Great barbecue might not always call to mind New York City, but that’s exactly the reason the founders of Mighty Quinn’s Barbeque thought the concept would be a fast-casual success in the Big Apple.
“New York is so diverse in dining destinations,” says Micha Magid, a cofounder of the concept with Christos Gourmos and Chef Hugh Mangum. “But the barbecue category was underrepresented, and that contrasted with how much people love barbecue.”
Mangum is a graduate of New York’s French Culinary Institute and a past champion on the Food Network’s “Chopped.” Now Mighty Quinn’s pit master, he learned the basics of barbecue as a child from his Texas-raised father.
The Mighty Quinn’s concept was first tested at Smorgasburg, a seasonal food market in Brooklyn. There were long lines for the smoked meats, and that early success led to the opening of a brick-and-mortar store in December 2012. Four more locations were added in 2014.
Today, the concept has corporate stores in Manhattan, Brooklyn, and New Jersey, plus a franchised location in Taipei, Taiwan. Magid says the brand is targeting dense urban areas where fast casuals are well received and guests are food focused.
“We’re not trying to do a lot of things OK,” Magid says. “We’d rather do a few things well. We want everything on the menu to be streamlined, and we want all of our meats and sides to really stand out.”
Meat choices include beef brisket, pulled pork, spare ribs (pork), brontosaurus ribs (beef), chicken, chicken wings, and smoked sausage. All non-bone meats are available naked or as a sandwich on a brioche bun with house-made pickles.
The three most popular sides at Mighty Quinn’s are burnt-end baked beans, sweet potato casserole with maple and pecans, and buttermilk broccoli salad with bacon and almonds. Other choices include corn fritters with honey dipping sauce, house-made slaw, and fresh-cut fries.
Mighty Quinn's Barbeque
FOUNDERS: Micha Magid,
Christos Gourmos, &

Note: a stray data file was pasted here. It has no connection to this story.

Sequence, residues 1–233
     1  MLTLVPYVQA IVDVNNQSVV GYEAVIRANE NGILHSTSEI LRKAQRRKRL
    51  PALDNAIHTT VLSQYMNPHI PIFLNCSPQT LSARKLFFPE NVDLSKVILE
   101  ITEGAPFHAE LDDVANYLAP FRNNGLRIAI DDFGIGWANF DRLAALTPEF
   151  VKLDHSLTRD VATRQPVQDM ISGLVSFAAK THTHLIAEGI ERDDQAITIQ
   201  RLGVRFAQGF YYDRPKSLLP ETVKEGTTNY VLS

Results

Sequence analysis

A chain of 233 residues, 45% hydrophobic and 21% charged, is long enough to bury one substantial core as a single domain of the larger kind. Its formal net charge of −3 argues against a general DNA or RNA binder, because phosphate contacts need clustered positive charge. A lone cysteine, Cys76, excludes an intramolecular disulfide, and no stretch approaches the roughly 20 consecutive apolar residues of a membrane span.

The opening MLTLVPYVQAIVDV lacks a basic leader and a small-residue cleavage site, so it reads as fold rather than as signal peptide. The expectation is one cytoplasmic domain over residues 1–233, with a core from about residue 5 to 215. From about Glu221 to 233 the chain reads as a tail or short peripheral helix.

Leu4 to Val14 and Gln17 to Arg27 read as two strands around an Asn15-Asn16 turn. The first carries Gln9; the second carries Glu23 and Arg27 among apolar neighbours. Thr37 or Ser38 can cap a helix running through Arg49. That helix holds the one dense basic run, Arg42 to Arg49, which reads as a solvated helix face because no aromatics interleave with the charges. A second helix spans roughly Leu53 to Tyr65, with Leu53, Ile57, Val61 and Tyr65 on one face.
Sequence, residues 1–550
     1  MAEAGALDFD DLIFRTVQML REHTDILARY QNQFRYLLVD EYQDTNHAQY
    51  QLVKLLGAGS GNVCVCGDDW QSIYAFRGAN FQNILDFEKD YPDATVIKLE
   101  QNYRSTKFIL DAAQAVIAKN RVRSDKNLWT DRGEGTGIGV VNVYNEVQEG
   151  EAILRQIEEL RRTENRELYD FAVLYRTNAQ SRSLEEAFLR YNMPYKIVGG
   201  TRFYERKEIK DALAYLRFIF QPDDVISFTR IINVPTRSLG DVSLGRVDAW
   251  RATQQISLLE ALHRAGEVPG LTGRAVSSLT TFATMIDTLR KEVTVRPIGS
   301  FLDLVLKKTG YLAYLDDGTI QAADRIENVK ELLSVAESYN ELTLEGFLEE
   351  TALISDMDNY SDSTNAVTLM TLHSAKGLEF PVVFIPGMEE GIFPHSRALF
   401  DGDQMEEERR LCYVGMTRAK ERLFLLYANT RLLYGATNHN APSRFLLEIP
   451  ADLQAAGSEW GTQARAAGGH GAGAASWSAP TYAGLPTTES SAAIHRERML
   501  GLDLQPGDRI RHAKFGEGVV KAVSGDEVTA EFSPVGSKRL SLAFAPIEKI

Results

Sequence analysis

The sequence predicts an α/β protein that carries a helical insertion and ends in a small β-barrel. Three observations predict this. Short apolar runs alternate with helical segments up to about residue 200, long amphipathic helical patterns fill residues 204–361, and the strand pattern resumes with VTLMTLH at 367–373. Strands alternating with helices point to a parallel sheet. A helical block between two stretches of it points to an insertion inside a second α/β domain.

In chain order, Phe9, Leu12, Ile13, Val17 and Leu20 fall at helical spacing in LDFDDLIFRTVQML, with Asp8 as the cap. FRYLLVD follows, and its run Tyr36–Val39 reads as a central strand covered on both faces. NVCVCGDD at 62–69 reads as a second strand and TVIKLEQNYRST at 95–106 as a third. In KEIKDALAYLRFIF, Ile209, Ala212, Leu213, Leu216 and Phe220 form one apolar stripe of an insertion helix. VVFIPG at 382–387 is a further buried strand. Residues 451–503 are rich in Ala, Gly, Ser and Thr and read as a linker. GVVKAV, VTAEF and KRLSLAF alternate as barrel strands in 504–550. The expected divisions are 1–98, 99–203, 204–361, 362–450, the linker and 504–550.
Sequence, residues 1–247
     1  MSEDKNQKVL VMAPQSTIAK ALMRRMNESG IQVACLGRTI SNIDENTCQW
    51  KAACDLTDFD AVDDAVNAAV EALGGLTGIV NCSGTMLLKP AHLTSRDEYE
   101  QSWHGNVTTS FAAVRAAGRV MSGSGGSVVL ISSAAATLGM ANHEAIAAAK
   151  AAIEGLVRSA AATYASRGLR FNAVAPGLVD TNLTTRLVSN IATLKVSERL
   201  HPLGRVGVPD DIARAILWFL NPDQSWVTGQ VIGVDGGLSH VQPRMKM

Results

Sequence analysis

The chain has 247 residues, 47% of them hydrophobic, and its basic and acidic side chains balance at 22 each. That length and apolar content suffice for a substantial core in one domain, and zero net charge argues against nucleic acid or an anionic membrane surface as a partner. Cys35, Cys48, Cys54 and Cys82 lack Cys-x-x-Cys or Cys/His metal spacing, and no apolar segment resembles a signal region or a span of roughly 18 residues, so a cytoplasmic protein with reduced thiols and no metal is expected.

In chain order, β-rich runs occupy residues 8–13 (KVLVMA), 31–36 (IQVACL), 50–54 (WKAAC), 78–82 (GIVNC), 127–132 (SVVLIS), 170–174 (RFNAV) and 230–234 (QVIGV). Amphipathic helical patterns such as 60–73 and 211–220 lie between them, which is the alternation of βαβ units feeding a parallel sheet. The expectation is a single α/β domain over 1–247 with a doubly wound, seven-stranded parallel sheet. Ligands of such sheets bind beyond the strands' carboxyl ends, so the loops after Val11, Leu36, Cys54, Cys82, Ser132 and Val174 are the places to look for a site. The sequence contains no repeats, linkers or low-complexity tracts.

HQ: New York City
YEAR STARTED: 2012
ANNUAL SALES: Undisclosed
TOTAL UNITS: 9
FRANCHISE UNITS: 1
Magid says timing is everything in barbecue, and it varies greatly by product. “A brisket can smoke for up to 22 hours, ribs take five hours, and a chicken takes from a half hour to up to two hours,” he says. “At this point, we have a good handle on what sells and how much we sell, so we smoke according to demand.”
Meats at Mighty Quinn’s are smoked using only hardwood for fuel—predominantly oak, but also applewood and cherrywood. When the concept was first getting started, the press called Mighty Quinn’s barbecue a combination of Texas and North Carolina traditions, but these days, Magid prefers “New York style.”
He says American craft beers are the perfect accompaniment to good barbecue, and Mighty Quinn’s always has anywhere from four to 12 taps flowing, with beers selected to pair with specific menu items. There are a few rotating seasonal options, as well.
“All beers go well with our food, but with a brisket, an IPA with a dry finish is perfect,” Magid says. “Our chicken wings are smoked and then finished with a spicy lime sauce, which pairs perfectly with a toasted lager.”
At lunch, guests typically order a single serving of meat, one side, and an iced tea or soft drink for a check average around $15. Though the menu is the same during all hours of operation, larger portions and beer orders mean higher tickets during dinner hours.
Magid says he and his partners decided to use the fast-casual format at Mighty Quinn’s because it is “more authentic to the food type; barbecue is not a white-tablecloth type of food.”
Guests order at the counter, and their first stop is the meat area, where whatever they’ve selected is carved in front of them. Side selection is next, followed by drinks. Guests pay at the end, cafeteria-style. Magid says this format gives Mighty Quinn’s the capacity to fill several hundred tickets an hour.
Each Mighty Quinn’s location has 65–75 seats. Magid says the décor is “minimalist but still comfortable,” using eco-friendly materials like reclaimed wood.
Mighty Quinn’s is opening a Westchester County, New York, store later this year, and is also looking at a Midtown Manhattan location. Because the brand is still young and New York City is brimming with opportunities, Magid says, Mighty Quinn’s will focus its growth on the city for now. Nevertheless, the team is still looking at opportunities beyond New York.
“We hope to get lucky and find that many good locations. We will be in double digits by next year, and we are opening a second international location this year in Taipei. We are also looking in Tokyo,” he says.
He says any new international stores will be franchised, while U.S. locations will continue to be corporate-owned.
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